Once the sulfur in the fuel is reduced to minimal levels, the rules would require most new engines to be equipped with state of the art emission control technologies that reduce particulate soot and smog forming nitrogen oxides by about 90 percent. This would make them largely consistent with standards for trucks and buses.
These pollution controls would be phased in between 2011 and 2014. Equipment costs will vary, but they are expected to add one to two percent to the retail cost. Similar requirements already were adopted for highway vehicles such as trucks and buses.
"If we can clean up the nation's big rigs on the road, we can do the same for bulldozers, farm tractors, and heavy port equipment. The EPA has an opportunity and an obligation to bring these cleaner technologies to a sector that is responsible for so much of California's air pollution - and to do it faster than this rule currently requires," said Julie Masters, an attorney with the Natural Resources Defense Council.
"The breathing public cannot afford any more delay in cleaning up the nation's belching diesel equipment," she said.
Noting the huge pollution challenges posed by California's ports and rail yards, environmental and public health groups also have called for the EPA to strengthen the proposal by including all engine sizes - not just the bigger engines that the EPA proposes - and by developing stronger emissions standards for railroad locomotives and marine vessels.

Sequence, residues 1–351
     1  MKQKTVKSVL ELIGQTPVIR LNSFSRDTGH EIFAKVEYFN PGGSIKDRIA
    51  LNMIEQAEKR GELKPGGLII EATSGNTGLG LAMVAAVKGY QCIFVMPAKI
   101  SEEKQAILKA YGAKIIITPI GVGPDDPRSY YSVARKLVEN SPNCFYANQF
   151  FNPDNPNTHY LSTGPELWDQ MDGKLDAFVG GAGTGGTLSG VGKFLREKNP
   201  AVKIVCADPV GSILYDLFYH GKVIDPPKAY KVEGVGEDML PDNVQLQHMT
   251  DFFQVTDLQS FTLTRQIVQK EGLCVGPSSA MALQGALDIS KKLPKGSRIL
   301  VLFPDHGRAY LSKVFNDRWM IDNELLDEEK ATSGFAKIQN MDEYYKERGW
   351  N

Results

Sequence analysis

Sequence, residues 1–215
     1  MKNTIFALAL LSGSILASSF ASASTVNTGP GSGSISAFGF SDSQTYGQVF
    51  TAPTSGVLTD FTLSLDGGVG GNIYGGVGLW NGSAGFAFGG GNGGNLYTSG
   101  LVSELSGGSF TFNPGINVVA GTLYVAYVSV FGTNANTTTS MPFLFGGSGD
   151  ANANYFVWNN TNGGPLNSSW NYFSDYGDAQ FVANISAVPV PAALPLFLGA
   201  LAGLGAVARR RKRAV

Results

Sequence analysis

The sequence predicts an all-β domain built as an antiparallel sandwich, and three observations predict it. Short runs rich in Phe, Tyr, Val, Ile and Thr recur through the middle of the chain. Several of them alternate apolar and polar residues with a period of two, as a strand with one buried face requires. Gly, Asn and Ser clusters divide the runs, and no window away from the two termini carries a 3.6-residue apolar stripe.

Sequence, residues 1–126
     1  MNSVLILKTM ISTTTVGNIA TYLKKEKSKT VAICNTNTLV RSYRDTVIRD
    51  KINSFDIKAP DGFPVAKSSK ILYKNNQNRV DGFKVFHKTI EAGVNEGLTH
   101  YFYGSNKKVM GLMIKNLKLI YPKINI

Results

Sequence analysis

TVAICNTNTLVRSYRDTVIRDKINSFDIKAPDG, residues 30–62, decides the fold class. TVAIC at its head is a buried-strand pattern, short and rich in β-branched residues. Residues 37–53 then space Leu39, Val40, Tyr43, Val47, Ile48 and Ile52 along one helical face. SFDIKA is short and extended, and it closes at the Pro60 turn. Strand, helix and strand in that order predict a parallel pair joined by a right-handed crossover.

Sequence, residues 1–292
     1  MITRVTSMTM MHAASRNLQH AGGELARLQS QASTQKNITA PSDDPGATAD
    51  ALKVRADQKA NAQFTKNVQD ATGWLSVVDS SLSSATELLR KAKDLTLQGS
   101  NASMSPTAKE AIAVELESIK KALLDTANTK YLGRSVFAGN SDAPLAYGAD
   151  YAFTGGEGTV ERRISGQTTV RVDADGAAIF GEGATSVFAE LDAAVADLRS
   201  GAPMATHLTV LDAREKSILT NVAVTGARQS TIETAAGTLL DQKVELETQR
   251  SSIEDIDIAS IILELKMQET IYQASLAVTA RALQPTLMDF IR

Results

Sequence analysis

"To understand why EPA needs to adopt a tough nonroad diesel rule, one only needs to breathe the air in the ports, airports, transportation corridors, and construction sites in the Los Angeles area," said Todd Campbell, policy director for the Coalition for Clean Air.
"Our region experiences cancer levels 1,500 times above acceptable cancer risk limits, and there are plans to triple the volume of heavy duty diesel nonroad equipment and infrastructure to meet international, national and regional trade demands by 2025. It is not a question of want," Campbell said. "This rule is a must have policy for California air quality."
Plant Diversity Weakened by Greenhouse GasesPALO ALTO, California, June 17, 2003 (ENS) - In ecology, species diversity is necessary to the smooth operation of the ecosystem. A three year scientific study has found global environmental changes, including increased atmospheric carbon dioxide (CO2) and elevated nitrogen levels show negative effects on plant diversity.